Fixing the Credit Crisis for a Fraction of the Cost

Reading and watching postmortems of the credit market freeze have been very enlightening. At the core of the problem is a lack of confidence and trust in those handing out credit ratings, the people who said that big bundles of sub-prime mortgages were AAA-rated securities. Banks who bought these derivatives also have no idea what exactly they contain. Congress unwisely chose to buy out some of these fraudulently rated securities as a way to free up capital, but it doesn't do anything to fix the problem.

Instead, we need a top-to-bottom re-rating of these securities and full disclosure of what mortgages types they contain or represent. This should expose their true value and allow the buyers to sue the sellers for the fraud they have perpetuated. This will recover the ill-gotten gains from the fraudsters, punish them for the misdeeds they have done and allow the market to start buying and selling again with confidence that the buyers know what they are getting. In short, the idea is to remove the poison of bad data to let the market does what it does best. This would be a relatively cheap way to fix both the symptoms and the cause of the problem.

It's unfortunate that it's likely too late to implement such simple plans now that Congress has let the "free money" genie out of the bottle. I also find it sad that many are saying that the free market doesn't work when the problem wasn't the market but rather a few people trying to defraud it. Blaming the free market for those who commit crimes of fraud is like blaming video games for violent crime. It's a convenient scapegoat, but little will back up the claim.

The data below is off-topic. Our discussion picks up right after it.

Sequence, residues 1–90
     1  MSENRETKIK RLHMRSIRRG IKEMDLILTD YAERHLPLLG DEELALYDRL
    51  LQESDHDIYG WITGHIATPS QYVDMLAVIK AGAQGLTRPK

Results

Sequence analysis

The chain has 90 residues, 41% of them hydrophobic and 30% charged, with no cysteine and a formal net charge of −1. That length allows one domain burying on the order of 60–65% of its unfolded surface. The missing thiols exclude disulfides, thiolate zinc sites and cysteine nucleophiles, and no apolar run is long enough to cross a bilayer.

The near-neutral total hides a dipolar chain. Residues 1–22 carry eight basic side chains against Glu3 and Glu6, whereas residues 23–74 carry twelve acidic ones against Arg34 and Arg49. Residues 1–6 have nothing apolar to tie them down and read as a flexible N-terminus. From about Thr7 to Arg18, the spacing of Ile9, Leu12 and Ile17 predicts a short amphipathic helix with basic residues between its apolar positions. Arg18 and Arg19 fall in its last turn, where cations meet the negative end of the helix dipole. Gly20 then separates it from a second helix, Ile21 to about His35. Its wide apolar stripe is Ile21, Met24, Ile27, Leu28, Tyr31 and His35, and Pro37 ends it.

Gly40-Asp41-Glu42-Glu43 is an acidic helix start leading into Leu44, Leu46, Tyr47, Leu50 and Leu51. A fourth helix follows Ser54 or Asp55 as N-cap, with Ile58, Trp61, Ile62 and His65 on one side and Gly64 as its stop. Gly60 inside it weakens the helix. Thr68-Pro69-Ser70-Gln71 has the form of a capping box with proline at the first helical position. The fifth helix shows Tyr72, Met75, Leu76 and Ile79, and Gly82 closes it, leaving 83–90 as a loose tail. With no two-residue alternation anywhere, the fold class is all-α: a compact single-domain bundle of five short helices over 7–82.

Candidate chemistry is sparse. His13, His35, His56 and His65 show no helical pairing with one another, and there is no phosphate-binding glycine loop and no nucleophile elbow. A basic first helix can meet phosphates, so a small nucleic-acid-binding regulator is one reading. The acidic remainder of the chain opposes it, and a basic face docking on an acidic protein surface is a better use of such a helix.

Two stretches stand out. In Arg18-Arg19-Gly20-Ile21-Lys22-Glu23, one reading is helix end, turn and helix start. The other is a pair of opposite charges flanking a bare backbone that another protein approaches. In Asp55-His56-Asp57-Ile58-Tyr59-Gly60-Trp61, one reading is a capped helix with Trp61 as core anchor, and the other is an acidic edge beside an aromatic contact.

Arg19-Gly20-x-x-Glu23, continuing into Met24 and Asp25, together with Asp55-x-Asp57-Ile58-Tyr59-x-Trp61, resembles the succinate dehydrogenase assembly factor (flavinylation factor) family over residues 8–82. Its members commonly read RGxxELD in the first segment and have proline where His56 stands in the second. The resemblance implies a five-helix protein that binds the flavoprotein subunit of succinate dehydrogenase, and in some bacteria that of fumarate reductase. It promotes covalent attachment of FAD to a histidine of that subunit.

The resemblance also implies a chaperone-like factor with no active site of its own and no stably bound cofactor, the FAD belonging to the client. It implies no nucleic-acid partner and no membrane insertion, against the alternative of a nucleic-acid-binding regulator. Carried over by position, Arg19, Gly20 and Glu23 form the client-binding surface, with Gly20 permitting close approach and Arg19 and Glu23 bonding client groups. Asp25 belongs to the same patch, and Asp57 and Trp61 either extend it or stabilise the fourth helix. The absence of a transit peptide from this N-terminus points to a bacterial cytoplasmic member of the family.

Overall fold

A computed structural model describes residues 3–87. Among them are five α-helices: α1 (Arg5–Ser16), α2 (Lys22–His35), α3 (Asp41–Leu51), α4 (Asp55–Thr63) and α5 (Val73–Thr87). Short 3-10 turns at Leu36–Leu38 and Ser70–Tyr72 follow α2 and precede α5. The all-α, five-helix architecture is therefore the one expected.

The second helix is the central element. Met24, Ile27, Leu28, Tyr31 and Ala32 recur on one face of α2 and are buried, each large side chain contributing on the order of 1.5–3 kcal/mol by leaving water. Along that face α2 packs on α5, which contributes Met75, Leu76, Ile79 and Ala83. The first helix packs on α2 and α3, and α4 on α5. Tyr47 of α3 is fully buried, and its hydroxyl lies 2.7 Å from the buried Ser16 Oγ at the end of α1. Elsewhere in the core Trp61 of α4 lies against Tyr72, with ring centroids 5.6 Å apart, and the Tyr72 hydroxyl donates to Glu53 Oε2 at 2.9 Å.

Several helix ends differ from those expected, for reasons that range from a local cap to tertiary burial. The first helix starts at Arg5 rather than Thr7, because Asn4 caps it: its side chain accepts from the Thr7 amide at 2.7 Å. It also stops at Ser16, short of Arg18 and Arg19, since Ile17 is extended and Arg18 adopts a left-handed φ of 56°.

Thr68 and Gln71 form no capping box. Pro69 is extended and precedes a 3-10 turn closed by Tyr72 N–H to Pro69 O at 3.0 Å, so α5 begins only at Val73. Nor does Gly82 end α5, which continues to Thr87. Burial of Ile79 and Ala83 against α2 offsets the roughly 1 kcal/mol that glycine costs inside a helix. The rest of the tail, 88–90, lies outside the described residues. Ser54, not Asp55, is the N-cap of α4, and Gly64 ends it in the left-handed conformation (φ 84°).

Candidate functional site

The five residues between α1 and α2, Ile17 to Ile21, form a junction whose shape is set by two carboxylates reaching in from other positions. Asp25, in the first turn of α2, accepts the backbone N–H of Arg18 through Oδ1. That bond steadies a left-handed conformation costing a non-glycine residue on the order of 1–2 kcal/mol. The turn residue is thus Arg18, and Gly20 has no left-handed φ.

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2 Responses to Fixing the Credit Crisis for a Fraction of the Cost

  1. Cameron says:

    A key question here would be what caused the credit raters to screw up?

  2. Jesse says:

    Simple: the people selling the securities were the ones paying for the rating. It’s the same “tail wagging the dog” problem you’ll see with arbitration companies (which find in favor of the companies cutting the checks a whopping 98% of the time).

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